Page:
• Researchers at Medical University of South Carolina (MUSC) College of Medicine, led by world-renowned vitamin D research experts Dr. Bruce Hollis, PhD, are currently performing focused research in an effort to determine if individuals with sufficient baseline levels of vitamin D have more protection against severe COVID-19 infection.18


Testing and Dosing Vitamin D 

All patients should have adequate vitamin D levels, not only for bone, cardiovascular, neurological and metabolic health, but for immune support during COVID-19 pandemic. Patients should be tested for vitamin D levels (which can be done at home with in-home testing kits).

Vitamin D testing should analyze TOTAL vitamin D levels in the body, which includes Vitamin D2 (ergocalciferol) and D3 (cholecalciferol). According to Cannel et al, 2006, total vitamin D levels of 50 ng/ml and greater appear to protect against viral respiratory infection.19

Total vitamin D levels are trending low at 20-50 ng/ml and at low less than 20 ng/ml.

If levels are between 20 and 50ng/ml, consider using:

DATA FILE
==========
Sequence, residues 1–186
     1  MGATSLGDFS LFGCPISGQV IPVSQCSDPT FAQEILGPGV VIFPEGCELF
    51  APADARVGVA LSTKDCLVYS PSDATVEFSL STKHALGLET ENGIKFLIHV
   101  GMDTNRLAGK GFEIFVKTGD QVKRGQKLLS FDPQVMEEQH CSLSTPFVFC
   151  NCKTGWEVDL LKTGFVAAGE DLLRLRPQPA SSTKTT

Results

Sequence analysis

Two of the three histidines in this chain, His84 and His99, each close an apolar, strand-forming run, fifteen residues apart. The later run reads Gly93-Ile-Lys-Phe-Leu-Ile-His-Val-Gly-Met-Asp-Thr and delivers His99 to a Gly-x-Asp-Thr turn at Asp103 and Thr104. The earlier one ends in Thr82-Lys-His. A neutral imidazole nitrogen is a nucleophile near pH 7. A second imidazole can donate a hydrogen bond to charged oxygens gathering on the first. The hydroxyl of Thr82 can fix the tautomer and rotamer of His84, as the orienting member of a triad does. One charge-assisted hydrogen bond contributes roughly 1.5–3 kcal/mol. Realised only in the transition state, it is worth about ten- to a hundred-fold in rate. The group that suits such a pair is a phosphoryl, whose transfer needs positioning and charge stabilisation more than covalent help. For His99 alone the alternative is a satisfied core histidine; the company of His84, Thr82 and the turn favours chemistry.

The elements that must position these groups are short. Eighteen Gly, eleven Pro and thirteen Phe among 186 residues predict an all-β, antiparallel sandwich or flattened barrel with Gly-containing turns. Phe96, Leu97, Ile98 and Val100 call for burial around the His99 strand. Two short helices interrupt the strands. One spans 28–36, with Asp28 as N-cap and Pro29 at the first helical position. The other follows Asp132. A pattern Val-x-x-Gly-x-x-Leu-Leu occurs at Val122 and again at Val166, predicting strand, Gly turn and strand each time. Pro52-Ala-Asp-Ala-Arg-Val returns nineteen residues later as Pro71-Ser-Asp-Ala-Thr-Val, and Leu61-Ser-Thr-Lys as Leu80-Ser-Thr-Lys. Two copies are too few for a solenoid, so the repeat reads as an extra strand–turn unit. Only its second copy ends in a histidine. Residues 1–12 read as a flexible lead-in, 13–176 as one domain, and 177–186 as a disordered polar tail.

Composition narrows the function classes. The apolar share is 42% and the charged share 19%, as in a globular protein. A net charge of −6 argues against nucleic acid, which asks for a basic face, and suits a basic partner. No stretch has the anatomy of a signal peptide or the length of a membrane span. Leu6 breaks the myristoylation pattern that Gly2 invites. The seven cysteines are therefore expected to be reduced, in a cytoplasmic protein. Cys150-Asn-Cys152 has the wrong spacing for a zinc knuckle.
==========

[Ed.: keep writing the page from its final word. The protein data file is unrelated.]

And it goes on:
• Vitamin D3, 5 000 IU (125 mcg) daily


If levels are less than 20ng/ml, consider using:

  • Vitamin D3, 10 000 IU (250 mcg) daily for 2-3 months, then recheck.


Adults who are vitamin D deficient who are at high risk because of being obese, taking certain medications, having a malabsorption syndrome or identifying as African American or Hispanic are recommended to take at least 10 000 IU daily. Vitamin D calculators are available that can help in getting correct dosages of vitamin D3 supplementation, such as the one offered by Organic & Natural Health Association at

Supplementing vitamin D3 doses with vitamin K2 (menaquinone) is a good idea, although if you recommend a proper diet, enough K2 is consumed. There’s a reported synergistic relationship between the two for bone health and cardiovascular health.20 In general 100 mcg vitamin K2 as menaquinone is sufficient.

Note this article is part of a forum for sharing information concerning the practical use of alternative, complementary and cross-cultural therapies in preventing and treating disease, healing illness and promoting health. It encourages the integration of alternative therapies with conventional medical practices in a way that provides for a rational, individualized, comprehensive approach to healthcare. This article is not meant to diagnose or treat any disease or illness and is for educational purposes only.